The Nuremberg Charter introduced the crime of aggression into international law. The American Chief Prosecutor Robert Jackson gave a famous promise that offenders who commit acts of aggression shall be prosecuted and international criminal law would be applied against them. Notwithstanding the efforts of the United Nations to criminalize aggression, in the period between the Nuremberg trial and the Kampala Conference in 2010 there has not been a universally accepted definition of aggression. Even though the Nuremberg Principles had been recognized and the Tokyo judgment followed the Nuremberg precedent, a universally accepted definition of the ‘supreme crime’ was missing for more than 60 years. One could argue that the Cold War was the main reason for the absence of international follow-up to the criminalization of aggression after 1947; or one may also say that the international community relied on the UN Charter provisions as a trustworthy bulwark against acts of aggression. The definition of ‘act of aggression’ from 1974 could not be labeled as ‘historic’ simply because in reality nothing truly changed. The international tribunals prior to the establishment of the International Criminal Court did not have the crime of aggression in their statutes. In this article the author describes the development of the ‘supreme crime’ specifically after the Nuremberg trial, with a focus on the UN efforts in dealing with acts of aggression. Individual responsibility for the crime of aggression as such is also examined in this ‘vacuum period’ where the international consensus was missing.

    Read more about Understanding Aggression
  • The actus reus of the crime of aggression

    2021. Nikola Hajdin. Leiden Journal of International Law 34 (2), 489-504

    Article

    To adjudicate a claim on individual criminal responsibility, the court has to establish objective and subjective links between the individual and the crime. This article studies the material (actus reus/objective) elements of the crime of aggression (conduct, consequence and circumstance) and suggests a reading that solves most of the conceptual and practical issues regarding criminal responsibility for this crime. The main contribution is an ontological distinction between the material act of use of violence and the act of aggression, which are both subsumed under the term ‘state/collective act’. The former is a consequence element and therefore is to be understood in its naturalistic meaning – a perceivable result of one’s action. The latter is a legal-evaluative notion and as such constitutes a circumstance that renders the violation of the prohibitory norm (the union of conduct and consequence) as being wrongful. This distinction is crucial for the system of attribution of criminal responsibility, as different mental (subjective) elements apply to consequences and circumstances.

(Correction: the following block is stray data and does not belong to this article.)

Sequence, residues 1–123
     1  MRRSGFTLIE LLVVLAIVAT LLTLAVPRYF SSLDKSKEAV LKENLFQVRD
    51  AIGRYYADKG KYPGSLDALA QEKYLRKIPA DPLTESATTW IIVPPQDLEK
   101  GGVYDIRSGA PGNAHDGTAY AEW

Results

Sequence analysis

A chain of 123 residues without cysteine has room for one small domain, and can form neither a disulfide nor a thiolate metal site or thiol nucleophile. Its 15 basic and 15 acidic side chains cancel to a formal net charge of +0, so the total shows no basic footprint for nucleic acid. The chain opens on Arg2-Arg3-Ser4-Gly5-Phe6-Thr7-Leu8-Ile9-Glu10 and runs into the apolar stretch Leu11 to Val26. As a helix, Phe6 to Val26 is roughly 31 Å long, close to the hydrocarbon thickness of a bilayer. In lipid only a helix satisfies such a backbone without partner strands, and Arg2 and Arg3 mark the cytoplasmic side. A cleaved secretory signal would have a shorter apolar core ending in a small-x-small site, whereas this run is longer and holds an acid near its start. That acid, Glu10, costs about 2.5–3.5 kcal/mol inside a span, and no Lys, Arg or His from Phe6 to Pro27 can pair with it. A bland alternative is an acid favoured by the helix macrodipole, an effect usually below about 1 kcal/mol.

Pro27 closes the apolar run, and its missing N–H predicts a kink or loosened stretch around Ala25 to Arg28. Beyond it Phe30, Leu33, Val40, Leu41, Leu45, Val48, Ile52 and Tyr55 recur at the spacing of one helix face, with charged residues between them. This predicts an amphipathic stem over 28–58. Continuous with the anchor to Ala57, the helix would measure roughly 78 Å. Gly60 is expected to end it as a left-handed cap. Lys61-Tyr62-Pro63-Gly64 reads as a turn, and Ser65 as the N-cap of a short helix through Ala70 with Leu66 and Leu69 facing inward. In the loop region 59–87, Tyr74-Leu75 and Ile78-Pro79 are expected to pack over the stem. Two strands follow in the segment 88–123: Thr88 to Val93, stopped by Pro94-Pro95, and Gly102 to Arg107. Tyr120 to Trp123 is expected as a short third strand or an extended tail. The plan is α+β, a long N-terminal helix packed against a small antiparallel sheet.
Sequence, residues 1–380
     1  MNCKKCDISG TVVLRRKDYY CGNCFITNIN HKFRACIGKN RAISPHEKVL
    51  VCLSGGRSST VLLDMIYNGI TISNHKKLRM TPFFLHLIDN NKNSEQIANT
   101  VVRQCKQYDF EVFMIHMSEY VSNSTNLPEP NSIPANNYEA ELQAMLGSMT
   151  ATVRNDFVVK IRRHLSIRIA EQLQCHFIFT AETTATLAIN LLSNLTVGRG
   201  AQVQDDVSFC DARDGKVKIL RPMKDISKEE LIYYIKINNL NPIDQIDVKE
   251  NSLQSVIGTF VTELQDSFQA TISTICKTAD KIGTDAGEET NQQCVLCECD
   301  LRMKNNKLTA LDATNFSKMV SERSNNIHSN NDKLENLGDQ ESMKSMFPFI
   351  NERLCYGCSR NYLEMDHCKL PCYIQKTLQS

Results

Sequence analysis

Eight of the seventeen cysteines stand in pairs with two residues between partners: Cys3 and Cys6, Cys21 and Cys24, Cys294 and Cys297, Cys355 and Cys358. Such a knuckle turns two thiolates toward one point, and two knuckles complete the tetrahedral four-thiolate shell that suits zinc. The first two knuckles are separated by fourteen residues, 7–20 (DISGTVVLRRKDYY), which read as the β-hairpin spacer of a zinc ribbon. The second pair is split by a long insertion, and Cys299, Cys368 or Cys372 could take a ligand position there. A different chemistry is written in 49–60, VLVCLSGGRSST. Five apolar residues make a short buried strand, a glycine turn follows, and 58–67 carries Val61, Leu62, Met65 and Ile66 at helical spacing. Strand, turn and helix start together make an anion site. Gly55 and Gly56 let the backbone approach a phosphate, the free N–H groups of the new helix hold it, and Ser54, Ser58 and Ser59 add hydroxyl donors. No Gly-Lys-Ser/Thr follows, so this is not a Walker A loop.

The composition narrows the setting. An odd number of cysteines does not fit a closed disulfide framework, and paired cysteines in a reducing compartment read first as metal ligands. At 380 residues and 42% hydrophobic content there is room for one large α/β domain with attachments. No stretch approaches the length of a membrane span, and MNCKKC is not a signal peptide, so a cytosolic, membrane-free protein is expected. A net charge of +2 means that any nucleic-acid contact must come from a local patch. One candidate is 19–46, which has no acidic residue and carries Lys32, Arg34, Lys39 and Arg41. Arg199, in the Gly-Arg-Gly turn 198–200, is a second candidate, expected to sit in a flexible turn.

Read more about The actus reus of the crime of aggression
  • Individual Responsibility for the Crime of Aggression

    2021. Nikola R. Hajdin.

    Thesis (Doc)

    This thesis examines the attribution of criminal responsibility for the crime of aggression in international criminal law. Prosecuting aggression is predicated by the so-called leadership clause—an individual can be held responsible only if he or she meets the requirement of being in a position of control over or to direct state action. This ‘control or direct’ clause—which replaced the ‘shape or influence’ standard that was applied in Nuremberg—is based on a simple normative premise: individual responsibility ought to be restricted to state leaders and exclude followers. This work argues that the notion of leadership in this context denotes a normative determination that the individual had a decisive influence over the state policy on using armed force. To make such a normative determination, the inquiry needs to include the power dynamics of the given state so as to properly comprehend which structures of power govern state policies. This argument is built on the basis of the conceptual structure of the definition of the crime of aggression and an analysis of relevant case law and international documents. To this end, the thesis constructs a conceptual framework that provides for general conditions for criminal responsibility based on the material (actus reus) and mental (mens rea) elements of the crime of aggression. Against this background, the work critically appraises perpetration and complicity and concludes that individual conduct that, at the very least, significantly affects the state act of the use of armed force is the kind of behaviour prohibited by the crime of aggression.

    Read more about Individual Responsibility for the Crime of Aggression

Show all publications by Nikola Hajdin at Stockholm University